On that first Pentecost Sunday, as recorded in Acts 2, Peter reminds the people of Israel that God swore a covenant oath to David that he would place one of his descendants on his throne (v. 30), a descendant who, unlike David, who died and whose tomb was in their midst in Jerusalem to that very day, would not suffer bodily corruption (vv. 25-29).

The only descendant of David who claims to be a king, and who also rose from the dead, is Jesus Christ—so Peter testifies to his Israelite brethren (Acts 2:30-36; see also Matt. 16:18-19; Luke 1:32-33). And at the subsequent council of Jerusalem, James reaffirms that Jesus has restored the kingdom of David in establishing his Church, whose mission is the evangelization of the whole world (Acts 15:13-18).

In establishing his kingdom, what does Jesus say he will do? He says he will establish it on the apostle Peter, who alone will have “the keys of the kingdom of heaven” in leading Christ’s Church (Matt. 16:18-19). To confirm this, he gives Peter a new name, which appears as Cephas several times in the New Testament, (e.g., John. 1:42). This is the Grecized form of the Aramaic word kepha, which undoubtedly means “large rock.”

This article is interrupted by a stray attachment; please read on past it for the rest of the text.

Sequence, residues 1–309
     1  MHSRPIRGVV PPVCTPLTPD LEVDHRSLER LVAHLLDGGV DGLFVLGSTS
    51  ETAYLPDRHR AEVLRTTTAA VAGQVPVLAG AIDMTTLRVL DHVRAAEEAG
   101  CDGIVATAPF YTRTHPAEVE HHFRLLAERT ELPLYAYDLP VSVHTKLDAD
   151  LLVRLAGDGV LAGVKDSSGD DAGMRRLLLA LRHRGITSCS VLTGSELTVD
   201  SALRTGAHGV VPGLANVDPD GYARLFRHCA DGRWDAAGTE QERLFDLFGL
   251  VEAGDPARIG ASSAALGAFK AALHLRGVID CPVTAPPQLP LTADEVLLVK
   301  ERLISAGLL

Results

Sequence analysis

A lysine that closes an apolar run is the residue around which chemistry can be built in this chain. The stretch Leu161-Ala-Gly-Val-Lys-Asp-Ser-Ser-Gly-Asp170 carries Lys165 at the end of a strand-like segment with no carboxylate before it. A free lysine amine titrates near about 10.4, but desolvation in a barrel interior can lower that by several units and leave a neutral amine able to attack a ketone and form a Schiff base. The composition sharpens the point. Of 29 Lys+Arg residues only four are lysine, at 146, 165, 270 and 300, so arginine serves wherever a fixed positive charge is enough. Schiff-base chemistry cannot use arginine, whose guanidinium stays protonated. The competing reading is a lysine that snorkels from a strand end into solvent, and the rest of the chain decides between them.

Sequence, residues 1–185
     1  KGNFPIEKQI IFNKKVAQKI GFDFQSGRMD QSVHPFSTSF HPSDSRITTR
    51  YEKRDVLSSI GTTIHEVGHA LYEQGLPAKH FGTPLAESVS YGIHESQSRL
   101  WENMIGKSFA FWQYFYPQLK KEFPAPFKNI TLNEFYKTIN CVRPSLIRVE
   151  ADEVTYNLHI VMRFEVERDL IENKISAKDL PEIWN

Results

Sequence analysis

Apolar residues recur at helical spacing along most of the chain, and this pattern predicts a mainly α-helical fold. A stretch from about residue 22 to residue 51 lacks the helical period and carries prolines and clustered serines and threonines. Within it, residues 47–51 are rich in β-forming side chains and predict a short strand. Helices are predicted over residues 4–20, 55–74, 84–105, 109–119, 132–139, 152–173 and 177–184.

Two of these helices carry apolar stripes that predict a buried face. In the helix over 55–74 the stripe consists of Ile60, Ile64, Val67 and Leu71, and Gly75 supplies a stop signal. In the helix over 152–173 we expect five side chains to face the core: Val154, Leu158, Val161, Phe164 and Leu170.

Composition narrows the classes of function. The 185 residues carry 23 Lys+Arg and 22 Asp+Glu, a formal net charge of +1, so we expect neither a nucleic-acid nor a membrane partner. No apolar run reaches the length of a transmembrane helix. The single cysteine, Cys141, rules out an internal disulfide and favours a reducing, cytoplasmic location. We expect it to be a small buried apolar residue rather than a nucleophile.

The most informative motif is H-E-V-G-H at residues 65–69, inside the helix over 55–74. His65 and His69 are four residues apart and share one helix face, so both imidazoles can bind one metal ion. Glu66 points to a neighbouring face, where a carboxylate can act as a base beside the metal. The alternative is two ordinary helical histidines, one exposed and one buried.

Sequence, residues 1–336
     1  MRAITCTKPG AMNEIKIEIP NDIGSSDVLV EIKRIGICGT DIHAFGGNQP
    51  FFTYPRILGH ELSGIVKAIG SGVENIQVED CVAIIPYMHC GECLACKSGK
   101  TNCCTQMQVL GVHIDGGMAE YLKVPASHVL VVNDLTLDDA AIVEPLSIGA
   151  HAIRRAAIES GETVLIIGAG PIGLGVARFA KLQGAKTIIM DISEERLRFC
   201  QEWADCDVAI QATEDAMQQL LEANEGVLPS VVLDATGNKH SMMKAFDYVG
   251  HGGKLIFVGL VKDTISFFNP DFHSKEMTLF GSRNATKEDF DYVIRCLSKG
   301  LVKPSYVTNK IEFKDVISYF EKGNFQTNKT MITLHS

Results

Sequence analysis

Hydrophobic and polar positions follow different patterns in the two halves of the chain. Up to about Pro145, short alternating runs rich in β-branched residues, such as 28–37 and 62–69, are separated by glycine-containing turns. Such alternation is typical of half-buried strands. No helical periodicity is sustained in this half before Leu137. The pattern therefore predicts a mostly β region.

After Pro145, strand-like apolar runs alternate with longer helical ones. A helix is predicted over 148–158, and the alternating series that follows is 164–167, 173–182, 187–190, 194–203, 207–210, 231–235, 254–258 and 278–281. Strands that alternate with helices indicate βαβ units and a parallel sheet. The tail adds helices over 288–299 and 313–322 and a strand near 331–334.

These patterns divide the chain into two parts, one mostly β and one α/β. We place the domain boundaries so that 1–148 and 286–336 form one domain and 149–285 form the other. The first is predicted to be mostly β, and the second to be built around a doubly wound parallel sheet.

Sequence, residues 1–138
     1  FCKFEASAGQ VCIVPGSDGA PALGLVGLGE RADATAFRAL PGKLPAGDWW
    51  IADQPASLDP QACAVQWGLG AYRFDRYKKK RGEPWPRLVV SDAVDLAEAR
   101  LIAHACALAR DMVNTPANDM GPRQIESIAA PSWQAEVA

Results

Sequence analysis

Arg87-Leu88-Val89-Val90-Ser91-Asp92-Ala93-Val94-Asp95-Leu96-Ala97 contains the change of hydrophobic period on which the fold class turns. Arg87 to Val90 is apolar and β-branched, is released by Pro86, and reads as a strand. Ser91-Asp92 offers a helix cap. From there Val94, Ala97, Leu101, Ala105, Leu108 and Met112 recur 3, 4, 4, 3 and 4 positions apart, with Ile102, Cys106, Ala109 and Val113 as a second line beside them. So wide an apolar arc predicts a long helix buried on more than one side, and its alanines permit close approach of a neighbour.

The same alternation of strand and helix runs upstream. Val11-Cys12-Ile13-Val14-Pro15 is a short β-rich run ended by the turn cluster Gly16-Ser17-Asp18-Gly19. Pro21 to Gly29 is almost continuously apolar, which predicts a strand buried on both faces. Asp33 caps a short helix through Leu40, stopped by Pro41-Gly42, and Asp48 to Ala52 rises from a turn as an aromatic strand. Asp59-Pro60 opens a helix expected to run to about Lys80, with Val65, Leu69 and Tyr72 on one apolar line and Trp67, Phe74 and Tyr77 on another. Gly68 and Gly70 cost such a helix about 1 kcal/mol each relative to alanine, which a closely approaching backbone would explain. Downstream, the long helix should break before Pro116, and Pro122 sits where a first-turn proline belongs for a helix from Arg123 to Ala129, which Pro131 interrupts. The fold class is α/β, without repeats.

Jesus’ anointing of Peter in the New Covenant Israel parallels the structure of the Old Covenant Davidic kingdom, which had both a succession of kings and stewards or prime ministers who governed the king’s house in the king’s name (Isa. 22:15-25). We learn from the prophet Isaiah that this latter position was one of succession, as the righteous Eliakim replaces the corrupt Shebna, signaling that the restored house of David would have a similar office of succession with primacy of authority under the leadership of the king.

And so if Judas had an apostolic successor (Acts 1:12-20), how much more important was it that Peter, the leader of the apostles, have one?